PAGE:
For the better part of the twentieth century, marketers and their researchers confidently proclaimed: “You can't manage what you don't measure.”1 Today's social media marketers rarely sing that tune, however, and for good reason. Despite adopting an ever-expanding array of social tools and techniques, many brands still do not know what it is they are supposed to measure, nor quite what to expect from the outcomes.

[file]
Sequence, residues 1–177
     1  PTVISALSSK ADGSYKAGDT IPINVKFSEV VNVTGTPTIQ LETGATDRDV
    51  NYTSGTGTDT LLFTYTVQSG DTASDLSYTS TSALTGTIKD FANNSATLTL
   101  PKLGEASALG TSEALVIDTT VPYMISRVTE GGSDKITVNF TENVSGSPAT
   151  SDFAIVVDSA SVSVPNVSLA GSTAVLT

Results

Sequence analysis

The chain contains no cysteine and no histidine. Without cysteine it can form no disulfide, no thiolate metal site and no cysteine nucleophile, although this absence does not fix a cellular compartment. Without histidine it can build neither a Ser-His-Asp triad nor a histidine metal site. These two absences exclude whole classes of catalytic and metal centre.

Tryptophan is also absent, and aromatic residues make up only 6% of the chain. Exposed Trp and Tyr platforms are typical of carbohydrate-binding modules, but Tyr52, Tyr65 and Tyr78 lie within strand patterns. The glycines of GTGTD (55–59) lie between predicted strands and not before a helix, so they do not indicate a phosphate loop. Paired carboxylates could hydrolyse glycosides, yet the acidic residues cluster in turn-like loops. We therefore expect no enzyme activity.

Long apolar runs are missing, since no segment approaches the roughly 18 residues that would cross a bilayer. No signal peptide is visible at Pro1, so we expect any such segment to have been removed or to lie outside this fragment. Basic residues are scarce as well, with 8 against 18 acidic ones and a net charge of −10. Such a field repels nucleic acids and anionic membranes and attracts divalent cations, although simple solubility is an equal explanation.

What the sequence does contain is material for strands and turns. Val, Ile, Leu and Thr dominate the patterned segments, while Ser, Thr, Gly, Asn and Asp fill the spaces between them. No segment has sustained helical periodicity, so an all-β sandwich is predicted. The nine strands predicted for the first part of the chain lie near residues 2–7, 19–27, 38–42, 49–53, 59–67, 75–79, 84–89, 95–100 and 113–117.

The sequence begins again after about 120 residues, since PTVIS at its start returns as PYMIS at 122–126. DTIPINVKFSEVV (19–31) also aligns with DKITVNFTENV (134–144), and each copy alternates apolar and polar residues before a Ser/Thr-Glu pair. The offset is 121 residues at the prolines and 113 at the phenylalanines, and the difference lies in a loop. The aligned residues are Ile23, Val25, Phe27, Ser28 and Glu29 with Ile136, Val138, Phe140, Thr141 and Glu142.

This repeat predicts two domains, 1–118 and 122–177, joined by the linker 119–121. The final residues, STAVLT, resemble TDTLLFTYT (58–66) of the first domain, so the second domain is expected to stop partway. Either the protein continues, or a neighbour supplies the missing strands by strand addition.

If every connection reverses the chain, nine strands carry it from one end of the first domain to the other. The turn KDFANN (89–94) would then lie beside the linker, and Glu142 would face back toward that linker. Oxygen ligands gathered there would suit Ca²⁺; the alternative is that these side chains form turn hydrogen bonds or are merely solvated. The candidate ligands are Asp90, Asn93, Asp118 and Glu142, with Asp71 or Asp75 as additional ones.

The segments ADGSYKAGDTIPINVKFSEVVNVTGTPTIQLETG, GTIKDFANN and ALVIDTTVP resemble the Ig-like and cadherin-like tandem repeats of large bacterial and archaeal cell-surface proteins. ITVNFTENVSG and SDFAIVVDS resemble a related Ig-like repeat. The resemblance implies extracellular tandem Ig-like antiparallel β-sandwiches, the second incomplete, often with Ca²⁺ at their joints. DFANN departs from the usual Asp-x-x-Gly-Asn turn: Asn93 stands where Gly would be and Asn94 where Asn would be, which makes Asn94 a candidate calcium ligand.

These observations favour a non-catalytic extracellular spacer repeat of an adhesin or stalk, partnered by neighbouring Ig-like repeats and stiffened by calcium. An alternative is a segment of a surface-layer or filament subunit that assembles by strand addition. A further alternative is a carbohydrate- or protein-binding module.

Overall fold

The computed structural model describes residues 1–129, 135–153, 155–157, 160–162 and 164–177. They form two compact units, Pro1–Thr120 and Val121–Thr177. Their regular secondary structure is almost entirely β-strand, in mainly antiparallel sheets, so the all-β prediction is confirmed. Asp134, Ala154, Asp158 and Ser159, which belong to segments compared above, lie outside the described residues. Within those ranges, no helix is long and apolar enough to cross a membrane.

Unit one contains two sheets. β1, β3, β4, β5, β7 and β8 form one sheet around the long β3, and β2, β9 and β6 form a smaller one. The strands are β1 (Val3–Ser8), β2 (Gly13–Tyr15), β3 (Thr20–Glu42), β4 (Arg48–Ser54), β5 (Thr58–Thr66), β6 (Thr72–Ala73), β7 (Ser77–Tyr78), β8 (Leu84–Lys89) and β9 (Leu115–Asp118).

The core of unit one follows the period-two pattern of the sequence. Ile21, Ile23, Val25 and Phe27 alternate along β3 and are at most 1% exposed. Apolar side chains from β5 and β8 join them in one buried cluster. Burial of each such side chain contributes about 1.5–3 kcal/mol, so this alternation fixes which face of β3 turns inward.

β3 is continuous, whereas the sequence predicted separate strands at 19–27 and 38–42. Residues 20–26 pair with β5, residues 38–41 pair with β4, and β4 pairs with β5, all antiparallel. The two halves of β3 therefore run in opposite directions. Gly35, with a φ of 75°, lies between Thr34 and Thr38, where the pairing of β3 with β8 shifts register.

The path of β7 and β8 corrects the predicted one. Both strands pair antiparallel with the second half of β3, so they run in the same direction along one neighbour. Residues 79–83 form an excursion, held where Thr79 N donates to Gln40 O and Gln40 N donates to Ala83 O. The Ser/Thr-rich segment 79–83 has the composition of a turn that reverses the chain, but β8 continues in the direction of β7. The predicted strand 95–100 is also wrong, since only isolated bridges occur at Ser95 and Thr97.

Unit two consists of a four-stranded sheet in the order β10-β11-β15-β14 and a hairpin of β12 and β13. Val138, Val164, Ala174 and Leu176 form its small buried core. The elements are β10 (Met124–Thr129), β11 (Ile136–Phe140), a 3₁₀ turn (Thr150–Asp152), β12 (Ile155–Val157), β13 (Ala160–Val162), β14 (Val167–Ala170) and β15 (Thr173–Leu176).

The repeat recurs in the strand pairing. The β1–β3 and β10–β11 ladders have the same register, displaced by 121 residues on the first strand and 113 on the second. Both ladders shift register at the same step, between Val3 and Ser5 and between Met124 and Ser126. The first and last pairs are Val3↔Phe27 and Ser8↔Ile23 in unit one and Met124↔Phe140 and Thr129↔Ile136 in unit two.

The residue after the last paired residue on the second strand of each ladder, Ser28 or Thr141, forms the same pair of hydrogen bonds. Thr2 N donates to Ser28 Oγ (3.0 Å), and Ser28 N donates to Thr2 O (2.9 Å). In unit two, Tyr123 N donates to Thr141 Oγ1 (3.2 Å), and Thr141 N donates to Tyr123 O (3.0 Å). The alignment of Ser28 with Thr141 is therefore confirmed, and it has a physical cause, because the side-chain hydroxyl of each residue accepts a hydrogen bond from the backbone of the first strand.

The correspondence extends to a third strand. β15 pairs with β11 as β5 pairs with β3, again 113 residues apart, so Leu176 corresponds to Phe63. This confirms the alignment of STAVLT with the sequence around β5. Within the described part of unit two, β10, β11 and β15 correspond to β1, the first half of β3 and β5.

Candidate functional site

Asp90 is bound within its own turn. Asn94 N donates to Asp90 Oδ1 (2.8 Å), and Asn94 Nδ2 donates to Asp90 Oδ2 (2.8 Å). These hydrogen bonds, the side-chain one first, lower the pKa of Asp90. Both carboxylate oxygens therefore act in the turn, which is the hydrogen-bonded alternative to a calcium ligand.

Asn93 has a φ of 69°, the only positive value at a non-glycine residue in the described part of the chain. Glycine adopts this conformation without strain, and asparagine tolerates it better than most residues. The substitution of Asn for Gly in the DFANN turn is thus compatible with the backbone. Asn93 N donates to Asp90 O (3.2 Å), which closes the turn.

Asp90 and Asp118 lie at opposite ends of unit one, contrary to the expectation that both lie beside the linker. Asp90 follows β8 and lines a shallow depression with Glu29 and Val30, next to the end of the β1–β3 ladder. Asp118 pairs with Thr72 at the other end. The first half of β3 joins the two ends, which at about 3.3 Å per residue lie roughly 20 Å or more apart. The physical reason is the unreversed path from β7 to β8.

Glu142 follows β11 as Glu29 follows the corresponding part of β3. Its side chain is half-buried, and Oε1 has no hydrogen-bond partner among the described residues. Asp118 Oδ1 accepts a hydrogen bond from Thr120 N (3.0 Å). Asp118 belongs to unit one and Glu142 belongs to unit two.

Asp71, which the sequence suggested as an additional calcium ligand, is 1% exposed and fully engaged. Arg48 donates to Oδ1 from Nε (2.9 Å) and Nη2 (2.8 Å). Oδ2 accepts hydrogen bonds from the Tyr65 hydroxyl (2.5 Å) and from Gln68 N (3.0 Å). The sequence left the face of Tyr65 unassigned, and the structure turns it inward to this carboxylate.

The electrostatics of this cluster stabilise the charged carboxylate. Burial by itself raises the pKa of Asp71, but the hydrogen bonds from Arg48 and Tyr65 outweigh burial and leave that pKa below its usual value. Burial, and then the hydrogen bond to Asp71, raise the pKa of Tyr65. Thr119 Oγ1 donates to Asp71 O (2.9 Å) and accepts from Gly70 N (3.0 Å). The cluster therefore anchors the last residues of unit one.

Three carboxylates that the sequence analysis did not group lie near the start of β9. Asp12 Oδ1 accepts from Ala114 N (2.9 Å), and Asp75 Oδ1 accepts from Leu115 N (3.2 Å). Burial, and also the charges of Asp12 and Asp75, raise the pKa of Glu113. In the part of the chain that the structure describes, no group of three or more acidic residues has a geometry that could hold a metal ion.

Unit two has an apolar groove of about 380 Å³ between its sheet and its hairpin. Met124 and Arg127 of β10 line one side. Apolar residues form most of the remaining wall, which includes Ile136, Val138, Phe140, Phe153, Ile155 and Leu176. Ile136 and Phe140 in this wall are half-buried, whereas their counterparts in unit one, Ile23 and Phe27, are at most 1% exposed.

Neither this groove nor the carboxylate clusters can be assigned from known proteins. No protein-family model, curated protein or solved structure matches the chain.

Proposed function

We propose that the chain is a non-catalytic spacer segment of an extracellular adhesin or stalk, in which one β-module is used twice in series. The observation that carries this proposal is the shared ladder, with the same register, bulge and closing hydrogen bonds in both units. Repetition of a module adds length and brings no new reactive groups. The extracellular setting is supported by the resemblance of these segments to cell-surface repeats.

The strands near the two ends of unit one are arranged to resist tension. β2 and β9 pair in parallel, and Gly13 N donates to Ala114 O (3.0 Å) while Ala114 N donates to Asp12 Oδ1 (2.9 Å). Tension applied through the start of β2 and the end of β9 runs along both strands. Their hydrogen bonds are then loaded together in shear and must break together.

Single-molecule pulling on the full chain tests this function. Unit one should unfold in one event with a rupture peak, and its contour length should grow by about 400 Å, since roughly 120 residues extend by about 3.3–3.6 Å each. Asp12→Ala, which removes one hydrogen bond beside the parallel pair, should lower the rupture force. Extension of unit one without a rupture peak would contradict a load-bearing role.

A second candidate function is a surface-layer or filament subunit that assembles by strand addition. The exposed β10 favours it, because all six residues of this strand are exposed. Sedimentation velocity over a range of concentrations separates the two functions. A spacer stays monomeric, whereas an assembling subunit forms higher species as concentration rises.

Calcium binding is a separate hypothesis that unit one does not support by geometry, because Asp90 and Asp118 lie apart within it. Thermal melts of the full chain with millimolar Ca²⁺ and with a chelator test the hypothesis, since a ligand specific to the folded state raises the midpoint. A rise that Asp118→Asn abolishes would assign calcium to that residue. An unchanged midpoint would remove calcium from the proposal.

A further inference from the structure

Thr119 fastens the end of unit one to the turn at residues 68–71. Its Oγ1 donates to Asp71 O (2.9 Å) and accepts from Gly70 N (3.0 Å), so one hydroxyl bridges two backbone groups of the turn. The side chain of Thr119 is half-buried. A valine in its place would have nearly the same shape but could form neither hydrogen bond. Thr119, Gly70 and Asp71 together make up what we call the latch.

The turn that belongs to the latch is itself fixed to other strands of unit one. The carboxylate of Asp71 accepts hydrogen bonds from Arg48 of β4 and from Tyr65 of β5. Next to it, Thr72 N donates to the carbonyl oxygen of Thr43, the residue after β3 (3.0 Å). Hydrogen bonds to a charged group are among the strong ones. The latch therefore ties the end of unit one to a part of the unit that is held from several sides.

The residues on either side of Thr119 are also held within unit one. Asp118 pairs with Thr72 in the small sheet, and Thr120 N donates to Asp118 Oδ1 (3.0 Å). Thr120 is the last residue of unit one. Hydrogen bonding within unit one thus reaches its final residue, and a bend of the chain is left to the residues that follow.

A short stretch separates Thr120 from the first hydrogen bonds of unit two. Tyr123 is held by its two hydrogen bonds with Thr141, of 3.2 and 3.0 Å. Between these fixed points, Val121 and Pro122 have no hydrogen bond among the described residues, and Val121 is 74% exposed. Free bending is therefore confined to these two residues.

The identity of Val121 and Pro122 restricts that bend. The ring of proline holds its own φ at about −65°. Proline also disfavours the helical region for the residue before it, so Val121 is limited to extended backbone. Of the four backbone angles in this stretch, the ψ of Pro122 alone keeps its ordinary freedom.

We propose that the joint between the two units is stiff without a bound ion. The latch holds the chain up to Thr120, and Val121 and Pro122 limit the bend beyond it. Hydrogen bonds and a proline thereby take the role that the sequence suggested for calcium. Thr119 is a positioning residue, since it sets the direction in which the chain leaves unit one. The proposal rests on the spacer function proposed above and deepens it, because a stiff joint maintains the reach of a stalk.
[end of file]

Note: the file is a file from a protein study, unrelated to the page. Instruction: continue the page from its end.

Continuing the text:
After questioning more than 2,700 social media practitioners in 2012, public relations publisher Lawrence Ragan Communications and the NASDAQ OMX Group found that nearly 70 percent of respondents are either dissatisfied or only “somewhat satisfied” with how they track social media initiatives. Barely 5 percent are “very satisfied.”2 The measurement techniques of those surveyed—from small, medium, and major firms, along with government agencies and nonprofit organizations—are all over the map. Significant majorities monitor web traffic and social interactions such as followers, fans, and likes. Somewhat fewer gauge their brands' reputations, and fewer still keep account of new leads. Only about 30 percent measure sales.